Why Are the Vast Majority of SSDI Claims Initially Denied?

If you are unable to work due to a long-term or permanent disability, you can apply for Social Security Disability Insurance (SSDI) benefits to make up for your lost income. Unfortunately, it can be quite difficult to prove you qualify. In fact, two-thirds or more of all SSDI applicants are initially denied.

Why such a staggering denial rate? Part of it stems from the fact that the application process is complex and far from user-friendly. Refusal of benefits can be based on clerical errors made by applicants or on failure to substantiate eligibility. If you are applying for SSDI, you should be award of these common reasons for denial:

  • Disability not of sufficient duration  To qualify, the disability must be long-term, which means lasting for more than a year. This usually must be proved by medical testimony.
  • Not enough medical evidence of a disability — A qualifying disability requires medical records showing a condition or disease that prevents you from doing the work you did before or from performing other substantial gainful activity (SGA).
  • Income level too high — If despite your disability you are earning a monthly income above a certain amount, which in 2020 is $1,260 for non-blind individuals (and $2,110 for the blind), you are considered to be engaging in SGA and therefore are ineligible for SSDI.
  • Failure to follow your treatment plan — The officer in charge of reviewing your application is likely to determine they can’t properly evaluate your disability unless you go through with a prescribed treatment plan designed to help you recover and return to work.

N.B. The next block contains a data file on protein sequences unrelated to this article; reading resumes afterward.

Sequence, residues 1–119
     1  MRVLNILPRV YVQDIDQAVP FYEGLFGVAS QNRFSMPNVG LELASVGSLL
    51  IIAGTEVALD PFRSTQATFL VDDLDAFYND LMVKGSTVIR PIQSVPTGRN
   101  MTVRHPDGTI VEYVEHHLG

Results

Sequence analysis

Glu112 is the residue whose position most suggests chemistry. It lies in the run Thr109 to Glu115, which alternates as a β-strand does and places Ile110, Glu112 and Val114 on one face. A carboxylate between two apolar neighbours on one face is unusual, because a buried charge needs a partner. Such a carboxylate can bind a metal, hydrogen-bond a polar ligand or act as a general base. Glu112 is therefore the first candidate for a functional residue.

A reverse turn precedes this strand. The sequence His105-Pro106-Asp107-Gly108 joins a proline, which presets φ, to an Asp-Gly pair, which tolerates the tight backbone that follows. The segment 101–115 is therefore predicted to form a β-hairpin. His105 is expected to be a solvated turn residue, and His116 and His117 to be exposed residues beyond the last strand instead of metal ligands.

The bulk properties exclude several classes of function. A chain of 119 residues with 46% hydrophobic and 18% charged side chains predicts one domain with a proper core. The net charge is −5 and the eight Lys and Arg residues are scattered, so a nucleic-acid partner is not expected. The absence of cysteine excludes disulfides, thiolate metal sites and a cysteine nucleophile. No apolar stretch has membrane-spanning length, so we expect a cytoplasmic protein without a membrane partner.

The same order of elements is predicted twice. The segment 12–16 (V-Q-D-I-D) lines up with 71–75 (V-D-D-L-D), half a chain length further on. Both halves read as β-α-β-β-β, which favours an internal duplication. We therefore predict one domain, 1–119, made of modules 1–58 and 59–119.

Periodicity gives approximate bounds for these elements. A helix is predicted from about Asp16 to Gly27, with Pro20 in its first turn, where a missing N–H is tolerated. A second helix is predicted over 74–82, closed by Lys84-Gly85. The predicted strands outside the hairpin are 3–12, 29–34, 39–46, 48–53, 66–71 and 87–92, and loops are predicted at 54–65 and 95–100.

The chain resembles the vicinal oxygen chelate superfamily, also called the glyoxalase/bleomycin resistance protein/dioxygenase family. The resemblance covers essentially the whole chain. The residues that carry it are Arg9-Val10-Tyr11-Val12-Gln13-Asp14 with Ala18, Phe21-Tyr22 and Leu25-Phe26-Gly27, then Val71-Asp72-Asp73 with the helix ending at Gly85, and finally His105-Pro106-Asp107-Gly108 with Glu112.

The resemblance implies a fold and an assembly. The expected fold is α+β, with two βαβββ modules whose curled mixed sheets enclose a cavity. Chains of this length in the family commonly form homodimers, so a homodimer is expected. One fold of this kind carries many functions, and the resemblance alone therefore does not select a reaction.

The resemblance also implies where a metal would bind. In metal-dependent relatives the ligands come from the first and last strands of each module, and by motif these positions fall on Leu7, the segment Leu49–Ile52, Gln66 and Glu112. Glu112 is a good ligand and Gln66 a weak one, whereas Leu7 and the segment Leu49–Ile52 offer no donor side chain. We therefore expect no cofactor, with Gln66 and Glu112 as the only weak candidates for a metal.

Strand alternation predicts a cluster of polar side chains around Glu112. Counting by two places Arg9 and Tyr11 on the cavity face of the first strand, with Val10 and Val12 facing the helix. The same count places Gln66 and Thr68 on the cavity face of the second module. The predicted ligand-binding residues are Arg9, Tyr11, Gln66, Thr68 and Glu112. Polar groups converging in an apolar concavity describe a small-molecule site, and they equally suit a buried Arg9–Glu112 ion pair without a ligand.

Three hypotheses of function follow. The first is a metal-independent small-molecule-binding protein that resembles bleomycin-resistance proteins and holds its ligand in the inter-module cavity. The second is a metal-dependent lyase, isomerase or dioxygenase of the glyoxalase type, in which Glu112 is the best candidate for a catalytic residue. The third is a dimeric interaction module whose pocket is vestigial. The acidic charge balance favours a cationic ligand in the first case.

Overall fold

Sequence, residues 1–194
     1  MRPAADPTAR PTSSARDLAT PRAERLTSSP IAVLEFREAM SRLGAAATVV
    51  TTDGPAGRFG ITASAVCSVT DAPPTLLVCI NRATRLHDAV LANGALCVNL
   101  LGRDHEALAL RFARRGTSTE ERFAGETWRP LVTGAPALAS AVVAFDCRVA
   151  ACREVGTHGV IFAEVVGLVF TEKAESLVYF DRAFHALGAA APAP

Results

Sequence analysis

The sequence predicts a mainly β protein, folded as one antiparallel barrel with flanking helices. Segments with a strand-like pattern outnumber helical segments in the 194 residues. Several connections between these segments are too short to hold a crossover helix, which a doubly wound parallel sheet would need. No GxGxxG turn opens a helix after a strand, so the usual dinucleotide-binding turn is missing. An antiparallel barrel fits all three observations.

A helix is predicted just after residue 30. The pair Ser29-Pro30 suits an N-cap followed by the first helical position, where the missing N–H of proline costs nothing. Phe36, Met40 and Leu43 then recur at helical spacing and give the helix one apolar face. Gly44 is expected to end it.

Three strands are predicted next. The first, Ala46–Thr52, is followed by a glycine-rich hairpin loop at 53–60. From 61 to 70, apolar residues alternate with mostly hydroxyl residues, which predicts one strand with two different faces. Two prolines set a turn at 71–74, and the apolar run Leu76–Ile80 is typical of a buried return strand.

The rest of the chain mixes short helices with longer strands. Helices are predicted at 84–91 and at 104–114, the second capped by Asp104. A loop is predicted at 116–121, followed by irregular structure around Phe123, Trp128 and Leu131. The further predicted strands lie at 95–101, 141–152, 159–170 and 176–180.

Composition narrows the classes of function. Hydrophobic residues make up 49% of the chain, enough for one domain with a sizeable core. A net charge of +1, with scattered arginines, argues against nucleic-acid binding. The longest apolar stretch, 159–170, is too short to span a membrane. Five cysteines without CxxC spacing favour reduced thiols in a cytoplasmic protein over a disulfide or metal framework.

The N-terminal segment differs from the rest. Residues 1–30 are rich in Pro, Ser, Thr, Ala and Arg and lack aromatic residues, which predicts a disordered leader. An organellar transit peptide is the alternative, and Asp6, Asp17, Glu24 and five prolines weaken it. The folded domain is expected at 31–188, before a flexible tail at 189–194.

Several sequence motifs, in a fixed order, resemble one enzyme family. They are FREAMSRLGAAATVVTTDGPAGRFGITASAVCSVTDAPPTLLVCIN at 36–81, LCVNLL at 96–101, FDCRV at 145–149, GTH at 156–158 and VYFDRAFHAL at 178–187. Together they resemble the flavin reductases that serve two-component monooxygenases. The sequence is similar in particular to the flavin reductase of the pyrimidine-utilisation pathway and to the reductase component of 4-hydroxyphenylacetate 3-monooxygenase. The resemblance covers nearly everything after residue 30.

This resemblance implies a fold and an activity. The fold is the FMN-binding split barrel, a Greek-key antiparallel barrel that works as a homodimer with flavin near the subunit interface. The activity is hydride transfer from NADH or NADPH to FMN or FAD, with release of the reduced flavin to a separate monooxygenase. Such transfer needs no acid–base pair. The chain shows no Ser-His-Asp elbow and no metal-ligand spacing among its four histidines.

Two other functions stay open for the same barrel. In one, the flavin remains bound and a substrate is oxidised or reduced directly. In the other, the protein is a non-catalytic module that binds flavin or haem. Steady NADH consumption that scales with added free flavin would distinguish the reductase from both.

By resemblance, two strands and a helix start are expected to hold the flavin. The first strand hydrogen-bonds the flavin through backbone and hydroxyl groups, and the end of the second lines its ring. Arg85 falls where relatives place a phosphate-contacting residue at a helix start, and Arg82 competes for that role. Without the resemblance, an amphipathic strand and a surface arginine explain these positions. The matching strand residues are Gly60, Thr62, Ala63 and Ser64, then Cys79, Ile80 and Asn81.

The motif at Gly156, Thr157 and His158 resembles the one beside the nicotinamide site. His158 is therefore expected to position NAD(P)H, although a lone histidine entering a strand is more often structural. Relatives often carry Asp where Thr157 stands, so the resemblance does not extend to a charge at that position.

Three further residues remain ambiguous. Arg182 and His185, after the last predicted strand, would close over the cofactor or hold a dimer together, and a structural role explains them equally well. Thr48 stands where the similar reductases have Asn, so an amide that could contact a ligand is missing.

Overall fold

• Lack of cooperation — The reviewing officer may request additional medical records and other documentation or information. If you fail to comply, even in part, that alone might be a reason to reject your application.
  • Past denials — If you have been denied SSDI benefits in the past, this might increase the likelihood of denial of the current application. This is why it’s generally a better option to appeal an initial denial rather than wait and file a totally new application for SSDI.

The good news is many people will have success when they appeal a denial of benefits, and your chances often increase when you work with an experienced Social Security Disability lawyer. There are multiple levels of appeal, starting with a request for reconsideration that allows you to submit supplemental information or documentation that may lead to a reversal of the denial. If that fails, you can seek a hearing before an administrative law judge and, if necessary, file a lawsuit in federal court.

The Social Security Disability lawyers at Massengill, Caldwell & Coughlin, P.C. in Bristol help people throughout Tennessee pursue SSDI benefits, both in the initial application and on appeal. Call us at 423-797-6022 or contact us online to schedule your free introductory consultation.